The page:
Whether you have recognized it or not, there is a revolution going on in biology, especially in our genes. Traditionally, as far as genetics goes, we eventually become what our genes dictate. Simply put, if we inherit a gene from our parents (either our mother or father), then that gene will tell our bodies how to grow, what height, weight, hair or eye color among a million other things we will have. This has been called “the modern synthesis.” Well, it now appears that nothing is so accommodatingly simple when it comes to our bodies.
In the past few years it has become increasingly clear that we have some “control” over our genes after all. Studies have shown that when a normal rat is fed a high fat diet it becomes…well, fat. That’s not the interesting part, however. When that fat rat is mated with a normal rat, the rat pups then have a tendency to become fat, even though they do not have the gene to predispose them to become such. The fat parent rat has managed to pass on the ability to become fat to their offspring by another mechanism not directly involving DNA. This ability is termed “epigenetics,” meaning “around or above” the gene. This and many other studies have shown that in mammals, at least, we can give “good or bad” qualities to our children that aren’t in our genes or DNA by adjusting our “actions.”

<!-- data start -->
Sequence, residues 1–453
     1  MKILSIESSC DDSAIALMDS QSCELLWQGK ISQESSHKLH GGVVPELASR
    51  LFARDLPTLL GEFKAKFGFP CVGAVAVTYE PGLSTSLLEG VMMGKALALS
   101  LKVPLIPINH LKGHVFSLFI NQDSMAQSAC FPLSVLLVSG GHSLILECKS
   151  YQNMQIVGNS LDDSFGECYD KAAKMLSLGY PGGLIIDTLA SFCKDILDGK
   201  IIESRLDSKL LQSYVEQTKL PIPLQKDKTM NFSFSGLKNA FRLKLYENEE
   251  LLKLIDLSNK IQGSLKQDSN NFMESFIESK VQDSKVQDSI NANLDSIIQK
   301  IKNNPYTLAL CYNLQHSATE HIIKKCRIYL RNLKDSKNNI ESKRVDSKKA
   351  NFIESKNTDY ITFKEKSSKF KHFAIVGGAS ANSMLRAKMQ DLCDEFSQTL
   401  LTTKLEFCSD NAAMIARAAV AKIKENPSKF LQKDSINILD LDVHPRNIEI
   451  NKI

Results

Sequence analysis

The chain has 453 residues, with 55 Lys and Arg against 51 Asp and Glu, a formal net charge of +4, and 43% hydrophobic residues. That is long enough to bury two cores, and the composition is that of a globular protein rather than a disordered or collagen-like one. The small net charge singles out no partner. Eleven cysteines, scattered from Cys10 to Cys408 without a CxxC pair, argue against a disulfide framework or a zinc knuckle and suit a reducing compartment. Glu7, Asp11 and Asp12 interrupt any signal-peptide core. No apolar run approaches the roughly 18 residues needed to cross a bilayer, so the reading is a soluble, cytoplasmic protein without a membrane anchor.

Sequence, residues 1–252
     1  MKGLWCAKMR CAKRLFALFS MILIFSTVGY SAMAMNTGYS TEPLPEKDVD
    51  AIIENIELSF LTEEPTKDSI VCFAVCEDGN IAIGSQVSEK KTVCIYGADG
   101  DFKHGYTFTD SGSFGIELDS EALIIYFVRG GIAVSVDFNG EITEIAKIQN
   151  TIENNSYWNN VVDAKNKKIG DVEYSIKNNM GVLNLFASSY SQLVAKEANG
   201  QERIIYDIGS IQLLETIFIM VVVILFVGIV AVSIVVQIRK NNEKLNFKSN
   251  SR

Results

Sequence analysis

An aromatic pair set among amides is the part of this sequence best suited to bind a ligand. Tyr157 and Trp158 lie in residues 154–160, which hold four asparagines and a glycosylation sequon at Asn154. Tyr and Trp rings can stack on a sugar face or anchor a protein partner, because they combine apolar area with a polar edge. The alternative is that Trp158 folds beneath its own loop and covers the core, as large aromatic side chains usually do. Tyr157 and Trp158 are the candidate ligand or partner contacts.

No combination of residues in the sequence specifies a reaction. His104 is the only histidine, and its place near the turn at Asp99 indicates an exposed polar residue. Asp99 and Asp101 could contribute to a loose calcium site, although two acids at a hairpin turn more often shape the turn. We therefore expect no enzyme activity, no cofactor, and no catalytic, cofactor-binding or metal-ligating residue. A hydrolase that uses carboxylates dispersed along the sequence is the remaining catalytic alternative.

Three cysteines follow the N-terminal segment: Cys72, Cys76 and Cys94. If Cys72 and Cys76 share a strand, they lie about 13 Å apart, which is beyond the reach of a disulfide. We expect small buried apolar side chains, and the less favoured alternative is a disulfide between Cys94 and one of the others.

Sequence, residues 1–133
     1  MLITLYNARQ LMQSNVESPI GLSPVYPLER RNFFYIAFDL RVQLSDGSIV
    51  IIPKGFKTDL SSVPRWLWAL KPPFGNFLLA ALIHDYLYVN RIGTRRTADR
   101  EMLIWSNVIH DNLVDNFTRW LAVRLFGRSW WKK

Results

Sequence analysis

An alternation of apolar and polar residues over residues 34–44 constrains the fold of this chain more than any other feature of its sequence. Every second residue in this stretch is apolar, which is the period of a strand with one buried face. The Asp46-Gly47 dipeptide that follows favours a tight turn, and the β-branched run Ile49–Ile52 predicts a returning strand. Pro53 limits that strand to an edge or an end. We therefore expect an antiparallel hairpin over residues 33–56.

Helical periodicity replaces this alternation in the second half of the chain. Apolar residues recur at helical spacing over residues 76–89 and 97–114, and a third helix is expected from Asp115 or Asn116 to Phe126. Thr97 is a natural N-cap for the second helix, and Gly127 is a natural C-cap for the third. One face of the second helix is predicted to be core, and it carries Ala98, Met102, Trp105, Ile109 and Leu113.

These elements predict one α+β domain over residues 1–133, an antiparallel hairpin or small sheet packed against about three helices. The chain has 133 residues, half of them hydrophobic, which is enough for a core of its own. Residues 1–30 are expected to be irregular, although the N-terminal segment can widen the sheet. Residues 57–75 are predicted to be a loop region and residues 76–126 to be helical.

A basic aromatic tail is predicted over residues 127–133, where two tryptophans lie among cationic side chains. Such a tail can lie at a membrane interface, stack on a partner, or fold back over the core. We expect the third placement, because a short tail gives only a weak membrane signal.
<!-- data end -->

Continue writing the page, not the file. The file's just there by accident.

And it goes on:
Exercise, for example, can pass on favorable characteristics to our children, even if we do not possess those “good” genes to begin with. This has huge ramifications. We are able to turn good genes “on” or bad genes “off” by our own activities. We are not simply slaves to our genes as once thought and we can pass this information on to our children an future generations.